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Idina Menzel Opens In ‘If/Then’ On Broadway: REVIEW

Idina Menzel in If Then photo by Joan Marcus 0299r


After a nearly ten-year absence, Idina Menzel returns to Broadway in If/Then, an original yet hackneyed musical from Next to Normal writing team Tom Kitt (music) and Brian Yorkey (book and lyrics) that opened March 30 at the Richard Rodgers Theatre. While fans of the Wicked star’s sonorous belt may be delighted to learn that Ms. Menzel does double duty—playing two versions of the story’s heroine as her life fatefully unfolds down divergent paths—its generic rom com stakes rarely justify her volume.

Idina Menzel and IF THEN Cast Photo By Joan MarcusIt’s not exactly source material, but those familiar with Peter Howitt’s 1998 film Sliding Doors may be hip to the concept here. A single event (i.e. whether Gwyneth Paltrow makes the train) dramatically affects the path her life takes from there, so we follow her through a pair of ‘if/then’ scenarios. In Elizabeth’s case, it’s her decision whether to hang out with one friend or another on what, as one of them describes in the musical’s opening line, “feels like a fateful day.”

From her first number “What If?,” it’s clear Elizabeth is feeling particularly indecisive lately. She’s just returned to New York City after over a decade living in Phoenix, where her soured marriage to a grad school sweetheart has caused her to question her judgment. She’s already made fast friends with her free-spirited neighbor Kate (LaChanze, a clear highlight) and reconnected with her old Vassar chum Lucas (Anthony Rapp).

Idina Menzel and James Snyder in If Then photo by Joan Marcus  40rWhen she accompanies her new pal to a concert in Brooklyn, she goes by Kate’s preferred nickname of ‘Liz,’ meets her leading man Josh (a charming James Snyder), misses an important call, and quickly dons a new pair of black-framed glasses to differentiate herself. When she decides to attend a housing activists’ event with Lucas, she goes by ‘Beth,’ takes the important call from another former grad-school flame (who offers her a primo job with the city), and predictably falls into ill-advised romantic encounters with both.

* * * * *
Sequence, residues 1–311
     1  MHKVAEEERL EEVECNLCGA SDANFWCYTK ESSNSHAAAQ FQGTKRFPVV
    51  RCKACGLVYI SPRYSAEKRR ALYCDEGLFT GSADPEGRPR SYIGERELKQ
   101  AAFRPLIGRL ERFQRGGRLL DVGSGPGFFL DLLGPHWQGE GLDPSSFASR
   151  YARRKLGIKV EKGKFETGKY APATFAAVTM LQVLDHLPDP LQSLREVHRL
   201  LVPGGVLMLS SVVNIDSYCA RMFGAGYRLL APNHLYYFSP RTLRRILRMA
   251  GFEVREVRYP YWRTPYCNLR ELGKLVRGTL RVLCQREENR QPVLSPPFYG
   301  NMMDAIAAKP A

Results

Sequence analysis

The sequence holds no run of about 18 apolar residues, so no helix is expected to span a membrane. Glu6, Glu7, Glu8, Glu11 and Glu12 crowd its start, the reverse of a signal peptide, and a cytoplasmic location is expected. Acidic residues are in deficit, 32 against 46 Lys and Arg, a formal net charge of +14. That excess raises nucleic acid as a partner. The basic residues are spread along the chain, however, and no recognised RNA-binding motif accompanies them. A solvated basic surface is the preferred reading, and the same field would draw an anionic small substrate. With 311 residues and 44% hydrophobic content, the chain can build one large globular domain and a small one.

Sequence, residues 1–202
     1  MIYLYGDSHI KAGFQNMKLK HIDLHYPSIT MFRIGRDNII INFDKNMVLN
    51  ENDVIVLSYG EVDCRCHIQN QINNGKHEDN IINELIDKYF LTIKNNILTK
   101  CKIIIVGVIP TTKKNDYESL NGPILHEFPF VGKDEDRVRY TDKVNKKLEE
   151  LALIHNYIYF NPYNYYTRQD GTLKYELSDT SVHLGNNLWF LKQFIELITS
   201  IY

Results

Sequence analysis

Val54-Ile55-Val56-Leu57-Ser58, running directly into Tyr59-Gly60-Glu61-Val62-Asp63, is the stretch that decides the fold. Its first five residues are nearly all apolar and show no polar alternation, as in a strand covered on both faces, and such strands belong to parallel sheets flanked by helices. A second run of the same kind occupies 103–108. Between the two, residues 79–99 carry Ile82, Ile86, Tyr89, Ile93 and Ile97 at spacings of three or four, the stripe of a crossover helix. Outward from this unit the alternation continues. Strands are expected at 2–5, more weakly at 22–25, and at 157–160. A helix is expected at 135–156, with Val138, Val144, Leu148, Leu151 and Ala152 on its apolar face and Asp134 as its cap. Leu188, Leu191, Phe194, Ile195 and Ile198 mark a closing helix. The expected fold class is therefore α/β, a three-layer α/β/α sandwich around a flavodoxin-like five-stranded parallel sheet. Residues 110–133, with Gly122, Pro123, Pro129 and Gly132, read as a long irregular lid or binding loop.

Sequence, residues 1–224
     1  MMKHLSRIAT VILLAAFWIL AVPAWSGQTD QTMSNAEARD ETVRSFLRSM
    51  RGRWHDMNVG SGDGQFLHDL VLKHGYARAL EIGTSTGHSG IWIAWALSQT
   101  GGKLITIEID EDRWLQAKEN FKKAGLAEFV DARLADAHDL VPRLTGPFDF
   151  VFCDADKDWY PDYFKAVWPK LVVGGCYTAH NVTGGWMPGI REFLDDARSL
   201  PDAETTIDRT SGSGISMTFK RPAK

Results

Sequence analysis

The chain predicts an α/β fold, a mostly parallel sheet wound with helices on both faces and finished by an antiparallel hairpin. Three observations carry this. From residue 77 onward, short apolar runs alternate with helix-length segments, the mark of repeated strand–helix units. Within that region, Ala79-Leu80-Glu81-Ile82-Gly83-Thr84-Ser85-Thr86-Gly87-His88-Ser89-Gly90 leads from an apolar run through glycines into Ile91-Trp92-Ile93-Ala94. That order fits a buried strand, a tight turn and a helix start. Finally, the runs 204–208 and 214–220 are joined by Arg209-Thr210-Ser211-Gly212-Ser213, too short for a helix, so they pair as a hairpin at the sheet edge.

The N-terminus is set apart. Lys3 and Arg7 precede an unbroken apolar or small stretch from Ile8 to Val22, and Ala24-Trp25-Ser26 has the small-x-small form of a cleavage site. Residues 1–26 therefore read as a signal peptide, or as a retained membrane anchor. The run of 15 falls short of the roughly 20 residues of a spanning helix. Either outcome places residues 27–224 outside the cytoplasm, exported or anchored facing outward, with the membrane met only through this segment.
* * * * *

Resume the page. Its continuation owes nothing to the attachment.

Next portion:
Elizabeth’s vocation as an urban planner is just one of the plot’s overdetermined elements, which include Lucas being bisexual (and in pursuit of a different sex in each plot), and a dual incidence of the typical surprise in any story about a woman (hint: it happened to Gwyneth’s character too).

LaChanze and Anthony Rapp in IF THEN photo by Joan Marcus 801Director Michael Grief (Rent, Next to Normal) brings his usual geometry to bear on Mark Wendland’s spick-and-span set, which more readily resembles an expressively lit yoga studio than the streets of New York City (a giant suspended mirror with obvious symbolic significance also seems an attempt to add visual interest).

For all its questioning of fate, actions and reactions, If/Then neatly fills in the blanks implied by its title: If a woman wants to have a successful, fulfilling career, then she’ll be hapless in love and generally rather joyless. The opposite is also true: If she compromises her career goals, she can more readily dedicate herself to her family and friends. Fortunately, it need not be a conscious decision—fate (or the men in her life) can make the choice for her just as well.  

Recent theatre features...
Terrence McNally’s ‘Mothers and Sons’ Starring Tyne Daly Opens On Broadway: REVIEW
New Production of ‘Les Misérables’ Opens On Broadway: REVIEW
New Musical 'Rocky' Opens On Broadway: REVIEW
Bryan Cranston Goes ‘All the Way’ On Broadway As Lyndon B. Johnson: REVIEW
Possessed Puppet Satire 'Hand to God' Opens Off Broadway: REVIEW

Follow Naveen Kumar on Twitter: @Mr_NaveenKumar (photos: joan marcus)

NYC West Village's Manatus Diner Closes


Some unfortunate news from Vanishing New York:

This is a sad day for the Village. Manatus has been in business since the mid-1980s, catering to the local LGBT clientele, and it is the last affordable, down-to-earth place to eat in that hyper-gentrified plastic part of town. I had my last meal there a couple months ago and didn't know it.

If the original rumor is completely true, then a Calvin Klein store is taking Manatus' place.

Carole King Shocks the Cast of the Broadway Musical About Her When She Shows Up, Sings: VIDEO


Back in January you may remember our review of Beautiful: The Carole King Musical.

The show has been playing for months yet King herself has never come to see it. The reason why has "become a confounding mystery of the Broadway season," according to the NYT.

Turns out King had to work herself up emotionally to see such a personal show in a public setting and came to do so Thursday night, in disguise: